Saturday Shoutout / America’s Most Un-Wanted

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Photo by Louis Cahill

Photo by Louis Cahill

It’s official, the most endangered American river runs right by my house.

“The basin that includes the Chattahoochee, Apalachicola and Flint rivers is the country’s most endangered, according to a study released today by the conservation nonprofit American Rivers.

The annual America’s Most Endangered Rivers report says chronic mismanagement of the rivers, coupled with legal jockeying between Florida, Alabama and Georgia over water control has “put the basin at a breaking point.”

Excessive water use, mishandling by the U.S. Army Corps of Engineers and political gridlock have caused disastrous consequences for Florida’s Apalachicola Bay, the report says. Oyster, crab, shrimp and other species in the bay — where the rivers deposit into the Gulf of Mexico — were “decimated in 2012 and have scarcely recovered since,” the report states.” – Lagrange Daily News

Most of our readers will not even recognize the name Chattahoochee River. It has never and will never be known as one of America’s great rivers but it has been a very special place to me. This beautiful river was the first place I ever had a 100 fish day or saw a blizzard hatch. Unfortunately, those are but distant memories. I have watched this river die right before my eyes.

Yes, there are still trout in the Chattahoochee and there are big trout in places but every year the river becomes dryer, hotter, filthier and less productive. Sadly, it gets very little support from the  community. There is no hope for help from the local governments of GA and Atlanta, which could not be worse, and the local fishing community does not want to admit there is a problem. It wouldn’t be news if Florida and Alabama weren’t suing Georgia for ruining the river.

On a positive note, I’d like to personally thank Orvis for their efforts. Their Quality Hooch program is doing a lot of good and raising a lot of money for water quality monitoring and improvement on the Chattahoochee. Please support them. And Atlanta Fly Tying is helping in the effort as well with a great tying event featuring Pat Cohen. Proceeds go to the Quality Hooch. G&G is a proud sponsor.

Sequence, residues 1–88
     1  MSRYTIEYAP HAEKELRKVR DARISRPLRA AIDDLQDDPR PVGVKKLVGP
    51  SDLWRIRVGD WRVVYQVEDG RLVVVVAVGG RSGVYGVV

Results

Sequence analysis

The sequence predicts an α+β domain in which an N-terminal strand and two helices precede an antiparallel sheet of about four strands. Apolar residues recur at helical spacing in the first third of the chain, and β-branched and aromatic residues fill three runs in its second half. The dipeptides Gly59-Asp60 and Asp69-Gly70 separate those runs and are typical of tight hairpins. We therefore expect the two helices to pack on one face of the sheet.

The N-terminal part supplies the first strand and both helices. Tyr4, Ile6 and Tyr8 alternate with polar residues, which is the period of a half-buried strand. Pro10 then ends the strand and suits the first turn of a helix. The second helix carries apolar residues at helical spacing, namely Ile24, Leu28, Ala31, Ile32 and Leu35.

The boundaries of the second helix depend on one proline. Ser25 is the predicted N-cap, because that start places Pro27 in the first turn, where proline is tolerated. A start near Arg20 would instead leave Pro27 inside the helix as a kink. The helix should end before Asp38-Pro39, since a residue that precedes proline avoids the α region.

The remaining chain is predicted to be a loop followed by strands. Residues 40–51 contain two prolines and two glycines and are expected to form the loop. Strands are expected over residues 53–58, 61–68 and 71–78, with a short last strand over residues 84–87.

For more info and ways you can help, take a minute to read this ARTICLE FROM THE LAGRANGE DAILY NEWS.

For more information about the America’s Most Endangered Rivers report, visit

Louis Cahill
Gink & Gasoline
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8 thoughts on “Saturday Shoutout / America’s Most Un-Wanted

  1. Right now the Governor has issued a State of Emergency in St Lucie, Martin and Lee Counties Fl. where blue/green algae runoff from Lake Okeechobee has devastated the estuaries discharging from the Lake. Surrounding waterways are also becoming impacted. I have been speaking about clean water for decades and how it impacts our fisheries. Many guides and fisheries experts have been predicting the impending doom unless something is done about the Okeechobee discharges. This isn’t global warming, this is real stuff happening right now. It could be the Chattahoochee, Apalachicola and Flint rivers, or it could be the river you fish. This is not a political diatribe, this is real and it will eventually affect everyone of us if we don’t become more proactive to protect our fisheries. You can’t have great fishing without clean water or as a very close friend and guide who’s been on ESPN once said, “Water Quality Rules”.

  2. What? The Army Corp of Engineers screwed something up? Say it isn’t so. Actually I would be interested in any project that haven’t screwed up. Foresight is not one of their strengths.

  3. This is heartbreaking! I grew up in Atlanta and begin fly fishing with trips to the Hooch. I even caught my first fish on a fly on that river (Rainbow on a #10 bead headed prince). That was in 1995 and people were always surprised that you could catch trout there. Its sad how the city treats that resource. Of course, its not the Madison or the Au Sable or the Dean but it has offered trout fishing in a truly urban environment and that is rare – and should be protected. Thanks for this story, Louis.

  4. I did follow the LaGrange link, but I didnt see much in the way of “how can I help”. Aside from donating to CRK, any other options to help?

  5. I live about a half mile from the Hudson River and I almost never fish it because of PCB pollution from decades of contamination by General Electric Corp. The Hudson is considered a Super Fund contamination site that is the victim of political football tactics between G.E. and the politicians. After many years of legal tactics and evasions by GE they finally spent about $30 million using clamshell backhoes on barges to root around in the most contaminated areas and move the contamination to other barges so they can contaminate another area.

    We fought to get GE to use suctioning technology to clean the contamination but ultimately they used the backhoes. Anyone who has seen a backhoe digging in water knows how ridiculous this method is. On paper we won, but in reality most of the contaminants were mixed in the water and carried down stream by the tide and runoff .

    The really scary part of the whole situation is that the cities of Poughkeepsie, Rhinebeck and Port Ewen get their drinking water from the Hudson.

    Good luck Louis in your efforts to save your river, I hope you have better results than we did.

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